Study Offers Insights into the Psychosocial Effects of Global Pandemics on the Rare Disease Community
February 1, 2024
Rare Daily Staff
While there have been a few studies that explored the healthcare impacts of the COVID-19 pandemic on the rare disease community, they have focused largely on the problem of access to healthcare. Now, a new qualitative study explores the psychosocial impact of the pandemic makes some troubling findings, but also sees potential benefits.
The study led by Kathleen Bogart, associate professor of Psychology and Director of the Disability and Social Interaction Lab at Oregon State University, and published in the Orphanet Journal of Rare Diseases, examined responses from people with rare diseases to open-ended questions during the first wave of the COVID-19 pandemic in the United States in the spring and summer of 2020. A total of 759 people with 231 unique rare diseases participated in the study.
As with earlier studies, the researchers found participants experienced problems with access to healthcare and the quality of care. They also noted people experienced an exacerbation of symptoms, psychological distress, and a lack of social support and reliable information.
But participants also noted benefits, which included expanded telehealth, which enhanced their ability to access medical and mental health providers and rare disease specialists. The researchers said many participants expressed hope that by highlighting social and health inequities faced by people with rare diseases and other minorities, the pandemic would prompt greater understanding and policies that could improve the quality of life for people with rare diseases.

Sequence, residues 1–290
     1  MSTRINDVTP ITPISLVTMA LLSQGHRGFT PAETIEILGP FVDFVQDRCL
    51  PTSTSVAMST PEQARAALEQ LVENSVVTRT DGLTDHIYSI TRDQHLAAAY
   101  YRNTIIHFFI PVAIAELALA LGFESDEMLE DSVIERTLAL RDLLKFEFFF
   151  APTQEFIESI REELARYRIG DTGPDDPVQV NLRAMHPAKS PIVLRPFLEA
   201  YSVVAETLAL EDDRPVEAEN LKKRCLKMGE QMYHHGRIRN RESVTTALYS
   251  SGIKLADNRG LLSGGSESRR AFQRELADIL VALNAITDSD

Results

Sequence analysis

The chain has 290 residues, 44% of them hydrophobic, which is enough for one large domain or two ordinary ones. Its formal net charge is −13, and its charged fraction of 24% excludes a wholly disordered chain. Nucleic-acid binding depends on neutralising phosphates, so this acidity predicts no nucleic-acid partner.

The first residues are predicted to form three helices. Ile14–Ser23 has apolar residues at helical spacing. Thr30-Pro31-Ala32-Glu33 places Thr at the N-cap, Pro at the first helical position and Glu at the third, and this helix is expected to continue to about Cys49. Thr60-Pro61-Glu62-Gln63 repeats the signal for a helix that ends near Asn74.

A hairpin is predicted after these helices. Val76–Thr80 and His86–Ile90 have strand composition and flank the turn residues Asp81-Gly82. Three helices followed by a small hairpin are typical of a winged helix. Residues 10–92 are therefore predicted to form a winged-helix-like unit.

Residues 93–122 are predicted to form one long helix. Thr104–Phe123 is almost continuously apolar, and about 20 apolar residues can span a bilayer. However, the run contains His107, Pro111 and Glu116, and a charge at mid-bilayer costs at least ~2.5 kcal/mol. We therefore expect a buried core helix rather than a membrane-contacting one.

During the pandemic, most participants derived their support from family and friends while other support methods that participants had previously relied on were disrupted. The researchers noted that people with sufficient support often did not experience the same stress, uncertainty, feelings of isolation, and inability to complete daily tasks as those who lacked support.
While most of the responses to researchers’ questions concerned negative experiences, they did find positive psychosocial experiences as well as hope for long-term changes. Some people benefitted from work from home policies and were able to manage their conditions more effectively. There was also hope expressed about changes to public health measures in general and that the experience would result in greater empathy across society.
Participants said they wanted society to be more accepting and accommodating of the needs of people with rare diseases and they hoped for better policies to address the unique challenges the community faces. They also expressed hope that the pandemic would lead to policies that would address health inequities experienced by people with rare diseases and other minorities.
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